And I have a copy of the disc with a special "advance pressing" label signed
composer(s). Must have been a few of these around.
Steven Smolian wrote:
Is this a different competition? My memory (again): I have "Song of the
Bayou" by Rube Bloom and I foget the other piece, each on one side of a
Victor record as well as the sheet music to the Bloom with a note about
prize on it.
I'll dig out the rest of the data if anyone wants.
----- Original Message -----
From: "Alec McLane" <[log in to unmask]>
To: <[log in to unmask]>
Sent: Monday, April 17, 2006 12:03 PM
Subject: Re: [ARSCLIST] RCA symphonic work competition - 1929
> There were actually only 4 composers because Robert Russell Bennett was
> awarded 2/5 of the prize. Here's from the liner notes to a Naxos
> of Bennett's _Abraham Lincoln_ (quoted at
> In Paris and Berlin in 1927-28, on a Guggenheim Scholarship, he noticed
> RCA Victor competition with a prize of 25,000 dollars for an outstanding
> orchestral composition, with a small prize for a lighter piece of music.
> He submitted the two works on this disc - the patriotic Abraham Lincoln
> and the abstract orchestral painting of Sights and Sounds. Both pieces
> were scored for an enormous band of musicians and are of large
> RCA Victor's jury consisted of Leopold Stokowski, Serge Koussevitzky,
> Frederick Stock, Rudolph Ganz and Olga Samaroff. They decided no work
> better than any other to win outright and awarded five prizes to Aaron
> Copland's Dance Symphony, Louis Gruenberg's Symphony, Ernst Bloch's
> Helvetia and two 5,000 dollar awards to Bennett's pieces.
> Despite their huge orchestral forces, Bennett's prizewinners were then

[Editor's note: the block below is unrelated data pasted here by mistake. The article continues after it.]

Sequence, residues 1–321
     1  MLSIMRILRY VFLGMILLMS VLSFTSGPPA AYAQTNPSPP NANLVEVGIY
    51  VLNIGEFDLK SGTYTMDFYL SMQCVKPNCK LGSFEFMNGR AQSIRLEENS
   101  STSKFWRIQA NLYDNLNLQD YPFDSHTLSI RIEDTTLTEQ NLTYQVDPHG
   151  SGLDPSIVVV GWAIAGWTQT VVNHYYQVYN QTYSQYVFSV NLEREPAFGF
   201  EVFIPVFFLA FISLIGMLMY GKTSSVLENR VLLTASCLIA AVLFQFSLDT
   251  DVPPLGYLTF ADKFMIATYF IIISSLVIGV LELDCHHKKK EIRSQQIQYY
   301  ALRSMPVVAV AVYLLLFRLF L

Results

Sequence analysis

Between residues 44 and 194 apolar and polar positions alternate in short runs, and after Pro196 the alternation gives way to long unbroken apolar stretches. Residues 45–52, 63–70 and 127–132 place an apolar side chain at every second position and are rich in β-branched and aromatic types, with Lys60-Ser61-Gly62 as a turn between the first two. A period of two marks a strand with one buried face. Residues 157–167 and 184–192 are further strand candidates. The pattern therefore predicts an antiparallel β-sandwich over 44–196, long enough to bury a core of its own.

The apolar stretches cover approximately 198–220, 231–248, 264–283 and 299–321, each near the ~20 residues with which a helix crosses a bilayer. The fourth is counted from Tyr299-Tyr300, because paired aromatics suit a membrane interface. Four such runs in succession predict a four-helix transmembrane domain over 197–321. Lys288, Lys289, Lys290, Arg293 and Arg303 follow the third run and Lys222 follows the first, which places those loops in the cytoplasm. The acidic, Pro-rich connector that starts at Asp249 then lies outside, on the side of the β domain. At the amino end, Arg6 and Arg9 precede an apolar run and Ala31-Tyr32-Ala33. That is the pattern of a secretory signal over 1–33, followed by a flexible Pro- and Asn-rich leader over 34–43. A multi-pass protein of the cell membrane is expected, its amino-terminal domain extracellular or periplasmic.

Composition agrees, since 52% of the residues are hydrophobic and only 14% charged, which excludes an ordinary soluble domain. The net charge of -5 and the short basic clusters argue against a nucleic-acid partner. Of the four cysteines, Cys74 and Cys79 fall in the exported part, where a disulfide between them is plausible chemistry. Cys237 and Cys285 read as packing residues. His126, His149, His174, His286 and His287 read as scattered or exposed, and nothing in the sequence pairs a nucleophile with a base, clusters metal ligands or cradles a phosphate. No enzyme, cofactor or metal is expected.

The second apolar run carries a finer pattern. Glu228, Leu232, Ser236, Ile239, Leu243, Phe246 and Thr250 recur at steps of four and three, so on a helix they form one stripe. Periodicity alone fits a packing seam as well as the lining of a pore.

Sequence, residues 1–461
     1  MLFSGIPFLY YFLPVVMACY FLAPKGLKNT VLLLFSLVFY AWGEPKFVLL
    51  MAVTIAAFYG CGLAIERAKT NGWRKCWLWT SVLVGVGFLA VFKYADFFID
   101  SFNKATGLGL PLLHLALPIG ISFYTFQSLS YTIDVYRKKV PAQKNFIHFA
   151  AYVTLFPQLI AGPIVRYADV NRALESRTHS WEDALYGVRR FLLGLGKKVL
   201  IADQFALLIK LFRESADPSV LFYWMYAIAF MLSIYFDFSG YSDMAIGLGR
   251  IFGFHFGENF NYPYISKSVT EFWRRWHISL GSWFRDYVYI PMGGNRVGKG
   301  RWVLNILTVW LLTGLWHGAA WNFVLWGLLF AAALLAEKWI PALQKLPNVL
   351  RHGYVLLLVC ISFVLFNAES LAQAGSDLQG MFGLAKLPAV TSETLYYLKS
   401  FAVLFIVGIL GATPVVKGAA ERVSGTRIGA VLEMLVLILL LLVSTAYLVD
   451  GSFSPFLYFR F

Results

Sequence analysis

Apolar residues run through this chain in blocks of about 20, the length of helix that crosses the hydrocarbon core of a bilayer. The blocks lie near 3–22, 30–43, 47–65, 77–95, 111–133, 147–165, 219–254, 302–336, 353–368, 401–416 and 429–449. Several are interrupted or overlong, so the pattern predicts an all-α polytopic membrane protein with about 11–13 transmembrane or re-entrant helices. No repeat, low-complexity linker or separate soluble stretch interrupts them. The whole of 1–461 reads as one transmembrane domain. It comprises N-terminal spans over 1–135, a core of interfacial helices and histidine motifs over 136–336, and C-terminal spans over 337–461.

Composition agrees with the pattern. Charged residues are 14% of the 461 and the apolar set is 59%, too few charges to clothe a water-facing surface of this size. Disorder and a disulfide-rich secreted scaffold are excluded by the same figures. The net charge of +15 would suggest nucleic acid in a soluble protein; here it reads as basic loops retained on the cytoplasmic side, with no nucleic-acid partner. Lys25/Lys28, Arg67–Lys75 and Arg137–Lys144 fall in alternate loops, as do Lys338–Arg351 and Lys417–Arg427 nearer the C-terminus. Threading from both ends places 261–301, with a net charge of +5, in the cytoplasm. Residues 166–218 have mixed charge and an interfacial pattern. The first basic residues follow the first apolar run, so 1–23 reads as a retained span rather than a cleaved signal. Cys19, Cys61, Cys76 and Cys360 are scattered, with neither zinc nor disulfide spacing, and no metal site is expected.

> published. Abraham Lincoln was first performed by Stokowski and the
> Philadelphia Orchestra in October 1931, with a second performance given
> fortnight later at the dedication of the Juilliard School's new
> auditorium. For this, Bennett wrote his own programme notes, drawn from
> At 11:19 AM 4/17/2006, Paul Charosh wrote:
>>In 1929, RCA Victor offered a prize of $25,000 for a new symphonic
>>prize was divided among five composers. Copland was one; he received
>>for his submission.
>>How to find out who were the other four recipients? Also, who at
>>was in charge of the competition? Can one find out who were the
>>one find out who submitted works?
> Alec McLane
> Scores & Recordings/
> World Music Archives Phone: (860) 685-3899
> Olin Library Fax: (860) 685-2661
> Wesleyan University mailto:[log in to unmask]
> Middletown, CT 06459
> No virus found in this incoming message.
> Checked by AVG Free Edition.
> Version: 7.1.385 / Virus Database: 268.4.2/314 - Release Date: 4/16/2006